The Chateau

I’m a sucker for a good cover, and The Chateau by Jaclyn Goldis certainly has it. France is also a country I’m eternally drawn to, so it’s no wonder this thriller, set in Provence, captured my interest. It follows Darcy and her three friends as they return to her grandmother’s titular chateau. But when her grandmother is murdered one night, everyone is a suspect.

Special thanks to NetGalley and Atria for providing me with an ARC of this book!


Séraphine Demargelasse is 94 and knows her end is near. Hoping to set things right first, she invites her granddaughter Darcy and her three friends to her chateau—their first time all together there in 20 years. But before Séraphine can reveal her life-changing secrets, she’s brutally murdered. Who could have done this to her? One of the four women she invited to her home? One of her employees? And what motive could someone have to kill an elderly woman? Between a cast of characters, all with their own secrets and possible motives, the mystery surrounding Séraphine’s murder only brings about more questions until its shocking end.


The Chateau is a book I’ve been looking forward to for months, though it’s not quite what I expected it would be. It follows four women—Darcy, Jade, Vix, and Arabelle—as they return to Provence for their first reunion there in 20 years. Three of them met in a study abroad program in Avignon and quickly became friends, often spending time at Darcy’s grandmother’s chateau. Arabelle, the daughter of a maid there and two years their senior, was already close to Darcy and became part of the friend group, too. Now, Darcy’s grandmother Séraphine has invited the four women back to her chateau, ominously warning them that she has something important to tell them. Unfortunately, Séraphine is murdered before she has a chance to reveal her secrets.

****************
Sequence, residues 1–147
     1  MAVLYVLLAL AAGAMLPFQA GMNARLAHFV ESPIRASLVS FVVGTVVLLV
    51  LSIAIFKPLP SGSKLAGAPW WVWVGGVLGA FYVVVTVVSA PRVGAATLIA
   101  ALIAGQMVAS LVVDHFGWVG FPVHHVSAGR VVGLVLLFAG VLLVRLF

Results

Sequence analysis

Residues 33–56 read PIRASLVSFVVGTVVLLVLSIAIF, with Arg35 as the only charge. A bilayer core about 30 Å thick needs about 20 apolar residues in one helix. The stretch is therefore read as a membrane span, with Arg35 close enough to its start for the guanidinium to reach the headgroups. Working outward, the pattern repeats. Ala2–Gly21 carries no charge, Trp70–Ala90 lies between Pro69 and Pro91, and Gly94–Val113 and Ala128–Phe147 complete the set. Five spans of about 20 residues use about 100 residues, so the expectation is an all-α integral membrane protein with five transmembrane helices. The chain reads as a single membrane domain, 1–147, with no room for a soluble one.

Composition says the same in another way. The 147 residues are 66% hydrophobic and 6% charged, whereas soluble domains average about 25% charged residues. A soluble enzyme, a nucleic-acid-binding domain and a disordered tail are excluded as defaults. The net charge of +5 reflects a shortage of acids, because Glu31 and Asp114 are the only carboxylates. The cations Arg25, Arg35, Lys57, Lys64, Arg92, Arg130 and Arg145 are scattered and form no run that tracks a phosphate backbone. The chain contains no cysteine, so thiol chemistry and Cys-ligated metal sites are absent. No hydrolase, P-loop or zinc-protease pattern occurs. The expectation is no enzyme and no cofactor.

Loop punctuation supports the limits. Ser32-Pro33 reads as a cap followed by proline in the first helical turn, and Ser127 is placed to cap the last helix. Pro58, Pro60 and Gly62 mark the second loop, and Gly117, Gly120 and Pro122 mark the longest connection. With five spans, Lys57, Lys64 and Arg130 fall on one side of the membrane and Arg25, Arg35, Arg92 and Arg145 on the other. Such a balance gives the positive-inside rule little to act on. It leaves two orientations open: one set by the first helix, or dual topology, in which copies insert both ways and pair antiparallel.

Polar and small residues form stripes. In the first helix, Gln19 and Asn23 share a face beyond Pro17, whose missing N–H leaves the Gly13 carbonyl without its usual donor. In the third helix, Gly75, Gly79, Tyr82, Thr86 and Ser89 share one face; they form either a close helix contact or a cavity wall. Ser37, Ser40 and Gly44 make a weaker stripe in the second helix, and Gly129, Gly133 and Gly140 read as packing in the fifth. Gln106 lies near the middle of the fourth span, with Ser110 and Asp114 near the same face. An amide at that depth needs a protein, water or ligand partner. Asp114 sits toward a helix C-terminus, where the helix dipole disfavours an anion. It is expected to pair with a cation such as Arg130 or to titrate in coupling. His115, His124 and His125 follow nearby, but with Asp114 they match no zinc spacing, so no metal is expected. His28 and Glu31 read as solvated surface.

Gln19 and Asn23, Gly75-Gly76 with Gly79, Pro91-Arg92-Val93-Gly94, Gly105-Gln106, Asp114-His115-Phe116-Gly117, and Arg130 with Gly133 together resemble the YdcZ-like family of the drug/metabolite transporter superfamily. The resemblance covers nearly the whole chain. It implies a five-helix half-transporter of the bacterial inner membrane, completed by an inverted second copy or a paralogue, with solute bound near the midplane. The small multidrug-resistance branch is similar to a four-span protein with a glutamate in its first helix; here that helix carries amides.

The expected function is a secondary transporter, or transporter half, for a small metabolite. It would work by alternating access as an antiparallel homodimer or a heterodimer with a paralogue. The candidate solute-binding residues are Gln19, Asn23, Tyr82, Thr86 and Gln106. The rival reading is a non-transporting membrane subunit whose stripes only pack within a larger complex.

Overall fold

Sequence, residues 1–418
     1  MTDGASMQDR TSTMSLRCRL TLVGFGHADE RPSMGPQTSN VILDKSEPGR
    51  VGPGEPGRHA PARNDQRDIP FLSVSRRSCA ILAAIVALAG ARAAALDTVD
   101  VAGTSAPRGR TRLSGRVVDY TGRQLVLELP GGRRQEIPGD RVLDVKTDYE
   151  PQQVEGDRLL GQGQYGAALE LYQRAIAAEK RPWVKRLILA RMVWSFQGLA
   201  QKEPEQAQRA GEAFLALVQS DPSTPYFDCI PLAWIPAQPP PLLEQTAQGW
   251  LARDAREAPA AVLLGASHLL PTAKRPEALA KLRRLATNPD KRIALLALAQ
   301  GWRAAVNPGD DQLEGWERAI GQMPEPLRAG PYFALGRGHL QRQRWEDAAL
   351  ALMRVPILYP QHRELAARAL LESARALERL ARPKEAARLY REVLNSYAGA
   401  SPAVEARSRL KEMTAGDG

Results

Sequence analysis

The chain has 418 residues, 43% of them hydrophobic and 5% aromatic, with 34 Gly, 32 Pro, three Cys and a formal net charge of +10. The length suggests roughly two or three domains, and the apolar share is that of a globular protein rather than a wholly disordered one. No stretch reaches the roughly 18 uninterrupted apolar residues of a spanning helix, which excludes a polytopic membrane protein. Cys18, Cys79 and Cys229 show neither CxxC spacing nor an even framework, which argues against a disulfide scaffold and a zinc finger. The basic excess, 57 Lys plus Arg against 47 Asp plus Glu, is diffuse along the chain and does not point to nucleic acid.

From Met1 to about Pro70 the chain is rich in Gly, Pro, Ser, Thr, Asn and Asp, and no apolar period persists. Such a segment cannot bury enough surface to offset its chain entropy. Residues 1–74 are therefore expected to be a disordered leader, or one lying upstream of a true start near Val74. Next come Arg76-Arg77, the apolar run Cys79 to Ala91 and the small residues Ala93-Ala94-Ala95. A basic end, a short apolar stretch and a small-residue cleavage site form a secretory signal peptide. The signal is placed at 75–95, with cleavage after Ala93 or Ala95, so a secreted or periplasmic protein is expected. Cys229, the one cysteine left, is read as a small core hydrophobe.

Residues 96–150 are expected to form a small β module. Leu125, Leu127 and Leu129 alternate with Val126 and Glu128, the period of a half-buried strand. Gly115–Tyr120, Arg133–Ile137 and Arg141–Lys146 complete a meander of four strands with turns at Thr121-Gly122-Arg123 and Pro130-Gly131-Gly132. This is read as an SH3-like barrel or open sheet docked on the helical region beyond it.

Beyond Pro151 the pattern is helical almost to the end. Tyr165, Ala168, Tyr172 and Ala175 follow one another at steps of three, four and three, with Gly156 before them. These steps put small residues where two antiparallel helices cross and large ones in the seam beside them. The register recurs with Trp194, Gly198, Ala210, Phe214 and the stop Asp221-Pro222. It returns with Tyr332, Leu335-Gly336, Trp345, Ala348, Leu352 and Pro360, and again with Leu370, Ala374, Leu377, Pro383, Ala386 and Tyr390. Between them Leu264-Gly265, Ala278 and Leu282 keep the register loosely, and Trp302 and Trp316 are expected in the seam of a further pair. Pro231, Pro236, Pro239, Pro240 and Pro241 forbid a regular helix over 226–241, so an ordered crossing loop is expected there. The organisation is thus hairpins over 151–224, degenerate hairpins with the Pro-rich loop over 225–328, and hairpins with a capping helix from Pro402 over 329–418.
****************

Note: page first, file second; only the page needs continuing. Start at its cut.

Each chapter is told from a different point of view, mainly from the four women, but also occasionally from Séraphine, her maid Sylvie, or her groundskeeper Raph. While I generally enjoy multiple POV characters and don’t have a hard time differentiating them, in The Chateau, I found the characters’ voices were rather too similar. Not confusing, and their characters were different enough, but their voices weren’t as distinct as they could have been.

The first half is quite slow, even after the murder happens (earlier than I’d expected!). So much of it is the four women making petty observations about others or ruminating on something from their past. It kind of reads more like women’s fiction, and the characters haven’t yet realized they’re in a thriller. Weren’t they all acting too normal after Séraphine was murdered? Shouldn’t they all have been more affected than that?

Despite the above issues, The Chateau does pick up in the second half, and it starts to weave together interesting themes. There are so many secrets between the different characters! So many possible motives for murder! The book highlights money troubles and big inheritances, infidelity and plans for revenge, decades-old trauma and twisting family secrets. Even these women, who profess to be best friends, have some conflicts between each other.